Banks of England: disappointing
Posted by Gut City Hatter on 10/9/2019, 22:51:01
If you are going to produce a TV profile of the greatest goalkeeper the world has ever seen, you should allow a bit longer than the miserable 30 minutes (minus adverts) put out on ITV4 tonight. It was OK, as far as it went, but it really didn't go very far, especially when you realise it had been heralded repeatedly in pre-announcements on various ITV programmes over the past week or so. |
The man was an absolute genius, but not only that: he was extremely likable and unbelievably modest. To give you (I hope) just some idea of how great he was, I reproduce below the text of my contribution sent to The Guardian Online's "Fiver" column on 12th February, on the occasion of his death:
I am very sad today to read of the death of Gordon Banks, one of the heroes of my youth.
He was the best goalkeeper I ever saw, and a really friendly and considerate person, extremely genuine.
I got to know him a bit when I was at Keele uni (near Stoke), where the Stoke team used to come and train and also helped out with the uni team (who were pretty poor). He was a good and tolerant friend of Neil Baldwin (perennial Stoke City mascot and main character of the wonderful BBC film "Marvellous", brilliantly portrayed by Toby Jones).
Gordon Banks also made the best save I ever saw - and it was even better than the memorable Pele save. In February 1970, Stoke drew at home 2-2 against Manchester United. If it hadn't been for Banks, Stoke would have lost.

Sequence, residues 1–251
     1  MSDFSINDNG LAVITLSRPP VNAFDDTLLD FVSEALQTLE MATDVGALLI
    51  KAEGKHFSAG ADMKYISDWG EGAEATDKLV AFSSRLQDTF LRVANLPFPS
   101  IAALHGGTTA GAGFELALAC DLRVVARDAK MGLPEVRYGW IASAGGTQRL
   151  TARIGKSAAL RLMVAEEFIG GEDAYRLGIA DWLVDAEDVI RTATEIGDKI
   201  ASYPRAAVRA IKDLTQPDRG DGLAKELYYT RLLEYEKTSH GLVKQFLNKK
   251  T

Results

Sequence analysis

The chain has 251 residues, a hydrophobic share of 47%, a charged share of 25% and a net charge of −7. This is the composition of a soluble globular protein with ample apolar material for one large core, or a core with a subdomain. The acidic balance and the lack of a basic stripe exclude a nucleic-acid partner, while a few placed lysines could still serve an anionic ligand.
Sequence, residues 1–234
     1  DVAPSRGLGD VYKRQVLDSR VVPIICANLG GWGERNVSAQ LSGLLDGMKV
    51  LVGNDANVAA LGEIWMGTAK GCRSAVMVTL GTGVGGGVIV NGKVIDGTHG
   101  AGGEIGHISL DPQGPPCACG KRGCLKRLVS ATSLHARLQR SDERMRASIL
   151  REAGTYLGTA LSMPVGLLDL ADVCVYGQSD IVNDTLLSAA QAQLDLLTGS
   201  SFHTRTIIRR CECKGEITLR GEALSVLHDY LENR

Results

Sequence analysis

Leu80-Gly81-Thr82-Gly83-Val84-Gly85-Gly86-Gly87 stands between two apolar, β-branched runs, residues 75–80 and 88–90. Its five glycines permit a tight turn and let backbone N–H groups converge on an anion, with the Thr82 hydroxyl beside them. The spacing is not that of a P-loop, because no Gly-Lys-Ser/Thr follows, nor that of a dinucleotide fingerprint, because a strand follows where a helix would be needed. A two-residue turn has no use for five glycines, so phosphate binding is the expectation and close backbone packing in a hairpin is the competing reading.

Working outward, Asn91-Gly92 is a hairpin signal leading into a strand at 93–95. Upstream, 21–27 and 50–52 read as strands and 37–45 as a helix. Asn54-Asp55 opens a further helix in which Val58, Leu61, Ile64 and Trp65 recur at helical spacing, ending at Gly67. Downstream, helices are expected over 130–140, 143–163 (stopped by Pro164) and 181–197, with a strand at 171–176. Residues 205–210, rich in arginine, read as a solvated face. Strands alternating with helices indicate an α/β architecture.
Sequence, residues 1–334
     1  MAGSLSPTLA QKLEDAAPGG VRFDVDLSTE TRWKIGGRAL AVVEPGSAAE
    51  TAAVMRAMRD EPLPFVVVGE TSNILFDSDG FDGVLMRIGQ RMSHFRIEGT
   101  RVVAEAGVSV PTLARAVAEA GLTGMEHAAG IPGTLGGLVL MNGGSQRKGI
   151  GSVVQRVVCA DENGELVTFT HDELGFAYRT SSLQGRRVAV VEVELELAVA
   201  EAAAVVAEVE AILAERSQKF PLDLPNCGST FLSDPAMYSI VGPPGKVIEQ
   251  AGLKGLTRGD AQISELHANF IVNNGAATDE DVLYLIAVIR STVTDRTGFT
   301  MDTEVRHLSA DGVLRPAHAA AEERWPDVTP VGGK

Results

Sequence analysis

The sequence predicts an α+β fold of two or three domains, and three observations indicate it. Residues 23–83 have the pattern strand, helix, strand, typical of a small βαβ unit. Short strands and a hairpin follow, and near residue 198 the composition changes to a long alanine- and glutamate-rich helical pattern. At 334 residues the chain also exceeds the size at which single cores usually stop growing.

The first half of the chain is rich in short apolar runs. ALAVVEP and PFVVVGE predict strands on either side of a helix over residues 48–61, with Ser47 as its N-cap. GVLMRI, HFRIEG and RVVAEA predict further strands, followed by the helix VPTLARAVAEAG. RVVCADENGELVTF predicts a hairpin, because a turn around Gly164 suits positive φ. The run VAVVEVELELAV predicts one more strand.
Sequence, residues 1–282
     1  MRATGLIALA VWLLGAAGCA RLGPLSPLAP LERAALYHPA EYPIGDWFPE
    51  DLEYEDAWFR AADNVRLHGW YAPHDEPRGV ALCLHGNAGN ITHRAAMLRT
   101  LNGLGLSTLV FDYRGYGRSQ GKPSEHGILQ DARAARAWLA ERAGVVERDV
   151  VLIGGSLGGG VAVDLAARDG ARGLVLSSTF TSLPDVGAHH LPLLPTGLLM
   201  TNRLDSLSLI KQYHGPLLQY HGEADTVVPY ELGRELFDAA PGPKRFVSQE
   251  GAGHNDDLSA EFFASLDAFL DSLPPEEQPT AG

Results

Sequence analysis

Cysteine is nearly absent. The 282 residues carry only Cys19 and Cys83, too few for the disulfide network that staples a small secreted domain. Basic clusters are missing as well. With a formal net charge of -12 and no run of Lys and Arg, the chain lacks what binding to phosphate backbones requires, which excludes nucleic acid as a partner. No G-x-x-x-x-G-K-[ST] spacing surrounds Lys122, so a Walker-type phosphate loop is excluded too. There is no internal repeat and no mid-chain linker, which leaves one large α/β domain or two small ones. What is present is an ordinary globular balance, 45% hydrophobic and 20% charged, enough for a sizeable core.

Fairly late in the second half, George Best was near the halfway line when a long ball out of defence was played in his direction. He outsprinted a wrongfooted Stoke defence and found himself completely alone, approaching the penalty area with the ball under control and perhaps ten yards clear of the last defender.
Banks came off his line, up to about the penalty spot, and seeing this, Best set himself up for a perfect lob from the edge of the area, over the advancing goalkeeper. The ball was on its way into the net, and there was no way Banks could stop it - or so we all thought.
As the ball came towards him, Banks launched himself into the air, upwards and at the same time backwards. As the ball passed over his head, his body was angled at about 45 degrees back towards his goal, and he flayed out with his right arm, hitting the ball with a tremendous blow of his fingertips. Instead of continuing its intended path to land in the back of the net, the ball was diverted in its trajectory, clearing the bar by about three or four feet for a corner. The whole crowd was stunned into silence at this sheer brilliance - not only from Best, who had produced a presumably game-winning stroke of genius, but even more so from Banks, who had made quite simply possibly the best save in the history of the game.
Sadly there were no cameras there to record the event.
It's a memory that has stayed with me ever since that game, and although I've seen plenty of other good saves, and lots of other good goalkeepers, I am firmly convinced that Gordon Banks was the best goalkeeper ever, as well as being a very nice man.
RIP Gordon Banks.